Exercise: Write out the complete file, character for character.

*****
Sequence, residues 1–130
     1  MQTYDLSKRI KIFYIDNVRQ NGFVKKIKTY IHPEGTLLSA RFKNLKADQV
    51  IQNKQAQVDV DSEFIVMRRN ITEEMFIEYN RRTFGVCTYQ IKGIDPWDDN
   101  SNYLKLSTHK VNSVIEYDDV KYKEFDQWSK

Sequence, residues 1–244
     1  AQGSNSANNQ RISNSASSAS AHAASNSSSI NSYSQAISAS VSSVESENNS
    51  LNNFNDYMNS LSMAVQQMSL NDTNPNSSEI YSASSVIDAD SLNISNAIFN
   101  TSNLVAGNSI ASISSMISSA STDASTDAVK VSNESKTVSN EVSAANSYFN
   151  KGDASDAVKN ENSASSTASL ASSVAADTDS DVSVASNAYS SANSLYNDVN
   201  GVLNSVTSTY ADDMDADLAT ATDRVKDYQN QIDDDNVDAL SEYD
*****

Sequence, residues 1–130
     1  MQTYDLSKRI KIFYIDNVRQ NGFVKKIKTY IHPEGTLLSA RFKNLKADQV
    51  IQNKQAQVDV DSEFIVMRRN ITEEMFIEYN RRTFGVCTYQ IKGIDPWDDN
   101  SNYLKLSTHK VNSVIEYDDV KYKEFDQWSK

Sequence, residues 1–244
     1  AQGSNSANNQ RISNSASSAS AHAASNSSSI NSYSQAISAS VSSVESENNS
    51  LNNFNDYMNS LSMAVQQMSL NDTNPNSSEI YSASSVIDAD SLNISNAIFN
   101  TSNLVAGNSI ASISSMISSA STDASTDAVK VSNESKTVSN EVSAANSYFN
   151  KGDASDAVKN ENSASSTASL ASSVAADTDS DVSVASNAYS SANSLYNDVN
   201  GVLNSVTSTY ADDMDADLAT ATDRVKDYQN QIDDDNVDAL SEYD